The changes will reverse the onus of proof for public sector workers and volunteer first responders claiming compensation for PTSD.

  • Ombudsman welcomes job system overhaul to help small businesses employ

    Australian Small Business and Family Enterprise Ombudsman, Kate Carnell today welcomed the Coalition Government’s commitment to transform Australia’s employment services model to deliver better outcomes for job seekers and employers.

    “Small businesses find the current system difficult to use and, as a result, rarely use jobactive providers to fill vacant positions,” Ms Carnell said.

    “The proposed new model will address one of the biggest problems small businesses face when trying to hire new staff – finding job seekers with relevant skills to suit their business needs.

  • REISSUE: Backing in sustainable nature tourism

    Tasmania has an unrivalled, and spectacular natural environment which people from all over the world, as well as many Tasmanians, want to experience. It is an environment we all richly respect, and want to preserve.

    For many years Tasmania has demonstrated that we are able to offer world-class experiences by allowing for sensible, sustainable tourism experiences in our wilderness areas. This is evident at Cradle Mountain, the Overland Track, the Three Capes Track, at Freycinet Lodge or at Pumphouse Point.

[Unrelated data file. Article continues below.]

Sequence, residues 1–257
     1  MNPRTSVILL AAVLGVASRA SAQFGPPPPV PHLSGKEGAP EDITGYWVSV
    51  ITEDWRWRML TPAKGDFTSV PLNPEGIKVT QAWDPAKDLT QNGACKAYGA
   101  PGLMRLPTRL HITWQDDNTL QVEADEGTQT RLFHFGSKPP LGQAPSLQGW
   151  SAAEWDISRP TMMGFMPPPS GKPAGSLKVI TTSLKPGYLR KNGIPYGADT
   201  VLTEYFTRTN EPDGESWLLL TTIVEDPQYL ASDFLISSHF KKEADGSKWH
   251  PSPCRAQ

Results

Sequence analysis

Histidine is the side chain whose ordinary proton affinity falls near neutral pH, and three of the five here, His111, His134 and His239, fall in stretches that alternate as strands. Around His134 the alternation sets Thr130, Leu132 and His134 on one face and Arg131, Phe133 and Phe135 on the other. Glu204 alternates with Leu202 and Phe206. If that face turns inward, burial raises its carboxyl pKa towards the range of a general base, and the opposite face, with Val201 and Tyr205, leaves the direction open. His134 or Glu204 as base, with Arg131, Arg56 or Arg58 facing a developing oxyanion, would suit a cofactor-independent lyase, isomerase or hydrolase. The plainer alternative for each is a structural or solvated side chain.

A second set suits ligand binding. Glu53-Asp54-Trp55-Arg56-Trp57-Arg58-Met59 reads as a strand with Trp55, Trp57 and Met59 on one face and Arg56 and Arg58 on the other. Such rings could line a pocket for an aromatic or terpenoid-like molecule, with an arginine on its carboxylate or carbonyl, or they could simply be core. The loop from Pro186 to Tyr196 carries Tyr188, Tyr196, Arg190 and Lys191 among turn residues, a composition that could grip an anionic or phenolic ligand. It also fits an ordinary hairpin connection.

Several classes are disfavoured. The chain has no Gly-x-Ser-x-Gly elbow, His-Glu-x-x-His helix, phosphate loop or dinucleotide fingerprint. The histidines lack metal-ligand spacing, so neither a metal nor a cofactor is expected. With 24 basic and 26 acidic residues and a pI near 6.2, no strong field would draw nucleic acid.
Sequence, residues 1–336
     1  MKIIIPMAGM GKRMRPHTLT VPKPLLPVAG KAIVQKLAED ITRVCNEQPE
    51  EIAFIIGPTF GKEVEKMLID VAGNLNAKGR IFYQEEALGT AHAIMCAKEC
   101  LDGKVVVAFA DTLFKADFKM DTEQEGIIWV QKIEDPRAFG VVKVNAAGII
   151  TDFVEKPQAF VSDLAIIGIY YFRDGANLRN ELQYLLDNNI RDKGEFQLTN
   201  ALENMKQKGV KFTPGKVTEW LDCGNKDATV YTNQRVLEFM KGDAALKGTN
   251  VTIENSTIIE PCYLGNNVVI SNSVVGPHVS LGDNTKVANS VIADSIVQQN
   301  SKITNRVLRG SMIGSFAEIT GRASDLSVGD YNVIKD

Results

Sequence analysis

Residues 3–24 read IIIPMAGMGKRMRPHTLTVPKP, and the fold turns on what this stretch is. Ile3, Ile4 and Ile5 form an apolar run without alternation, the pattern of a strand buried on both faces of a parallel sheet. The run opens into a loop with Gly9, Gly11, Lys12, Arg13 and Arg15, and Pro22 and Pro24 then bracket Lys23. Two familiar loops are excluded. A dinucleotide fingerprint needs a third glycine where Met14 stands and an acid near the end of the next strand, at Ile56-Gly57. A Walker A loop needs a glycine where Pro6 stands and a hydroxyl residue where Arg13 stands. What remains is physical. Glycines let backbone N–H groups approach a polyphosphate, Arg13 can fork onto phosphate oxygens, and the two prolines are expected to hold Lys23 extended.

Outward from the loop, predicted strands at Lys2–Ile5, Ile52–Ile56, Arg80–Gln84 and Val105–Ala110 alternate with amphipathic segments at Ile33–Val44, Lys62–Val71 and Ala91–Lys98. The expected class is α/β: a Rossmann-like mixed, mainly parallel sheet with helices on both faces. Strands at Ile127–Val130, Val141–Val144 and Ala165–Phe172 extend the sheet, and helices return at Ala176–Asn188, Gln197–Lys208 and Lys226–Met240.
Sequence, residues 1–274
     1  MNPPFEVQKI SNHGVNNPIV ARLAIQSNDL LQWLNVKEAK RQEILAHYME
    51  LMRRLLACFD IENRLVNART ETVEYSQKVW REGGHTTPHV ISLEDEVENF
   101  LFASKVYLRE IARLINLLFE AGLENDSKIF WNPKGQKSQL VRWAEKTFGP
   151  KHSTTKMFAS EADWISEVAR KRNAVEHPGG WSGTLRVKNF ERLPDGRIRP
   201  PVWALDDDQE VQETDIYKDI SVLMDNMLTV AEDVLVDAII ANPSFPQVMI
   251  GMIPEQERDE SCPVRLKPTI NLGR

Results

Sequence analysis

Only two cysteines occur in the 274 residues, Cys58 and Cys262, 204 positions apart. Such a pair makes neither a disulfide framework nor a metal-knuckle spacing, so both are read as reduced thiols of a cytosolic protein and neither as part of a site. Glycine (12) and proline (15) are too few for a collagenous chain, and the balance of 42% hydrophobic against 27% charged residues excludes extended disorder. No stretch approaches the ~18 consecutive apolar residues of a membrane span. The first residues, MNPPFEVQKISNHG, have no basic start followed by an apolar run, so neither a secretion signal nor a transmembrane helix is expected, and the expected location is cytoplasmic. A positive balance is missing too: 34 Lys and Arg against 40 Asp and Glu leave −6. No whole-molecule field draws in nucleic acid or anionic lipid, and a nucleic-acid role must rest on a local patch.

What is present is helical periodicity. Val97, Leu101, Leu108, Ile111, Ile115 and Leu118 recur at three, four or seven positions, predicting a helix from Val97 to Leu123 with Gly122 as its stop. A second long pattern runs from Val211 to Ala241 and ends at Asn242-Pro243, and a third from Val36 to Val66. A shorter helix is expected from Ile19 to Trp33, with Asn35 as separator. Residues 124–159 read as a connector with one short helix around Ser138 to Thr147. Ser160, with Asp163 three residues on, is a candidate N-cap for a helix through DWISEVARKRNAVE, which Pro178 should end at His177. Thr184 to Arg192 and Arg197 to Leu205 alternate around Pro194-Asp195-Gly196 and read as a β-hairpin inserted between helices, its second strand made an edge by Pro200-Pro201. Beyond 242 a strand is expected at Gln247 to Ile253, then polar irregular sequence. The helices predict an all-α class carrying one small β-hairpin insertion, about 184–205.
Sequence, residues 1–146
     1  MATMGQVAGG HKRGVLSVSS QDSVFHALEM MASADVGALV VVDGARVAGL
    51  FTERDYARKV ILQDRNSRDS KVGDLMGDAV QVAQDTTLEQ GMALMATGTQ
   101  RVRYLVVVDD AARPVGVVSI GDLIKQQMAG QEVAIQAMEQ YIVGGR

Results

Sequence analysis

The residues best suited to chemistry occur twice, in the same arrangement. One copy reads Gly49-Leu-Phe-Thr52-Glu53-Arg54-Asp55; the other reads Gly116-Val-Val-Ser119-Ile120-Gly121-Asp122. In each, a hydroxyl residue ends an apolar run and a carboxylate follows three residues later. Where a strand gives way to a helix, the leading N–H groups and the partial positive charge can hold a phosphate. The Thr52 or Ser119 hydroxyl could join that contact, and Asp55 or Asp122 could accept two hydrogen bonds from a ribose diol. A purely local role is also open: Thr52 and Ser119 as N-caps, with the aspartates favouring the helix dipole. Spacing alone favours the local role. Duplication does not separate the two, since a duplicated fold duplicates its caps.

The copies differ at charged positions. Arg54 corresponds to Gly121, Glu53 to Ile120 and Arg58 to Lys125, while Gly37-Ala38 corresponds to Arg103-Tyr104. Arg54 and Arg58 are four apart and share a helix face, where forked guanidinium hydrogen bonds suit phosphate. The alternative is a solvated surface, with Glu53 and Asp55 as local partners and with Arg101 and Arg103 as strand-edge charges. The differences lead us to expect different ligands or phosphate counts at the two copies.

• ABALONE POACHING PARTY STUNG WITH $5,000 FINE

    A party of six recreational fishers have been fined over $5,000 for trying to poach abalone with a potential commercial value of $1,500.

    The group were detected by Fisheries Officers as they were leaving the water at Cape Northumberland, near Port MacDonnell in the South East.

    It is alleged the group had in their possession 53 black lip abalone of which 48 were under the legal-size limit of 13cm.

  • Enterprise Ireland now with an office in Melbourne

    On 13 March Invest Victoria had the pleasure of hosting an Advisory Panel meeting for Enterprise Ireland, and the opening of their new office here in Melbourne.

    For Great Britain and Northern Ireland, there remains uncertainty around Brexit.  However, in true Irish spirit and defiance of such a challenging time, a group of 45 Irish businesses joined Enterprise Ireland in a trade and investment mission to Australia.

  • ATO confirms approach to research and development tax incentive

    The Australian Taxation Office (ATO) is aware of the announcementExternal Link by the Commonwealth Bank of Australia regarding their research and development (R&D) tax incentive disputes with the ATO and Innovation and Science Australia (ISA). ISA has legislative oversight of the (R&D) tax incentive, which is administered jointly by the ATO and AusIndustry in the Department of Industry, Innovation and Science (DIIS).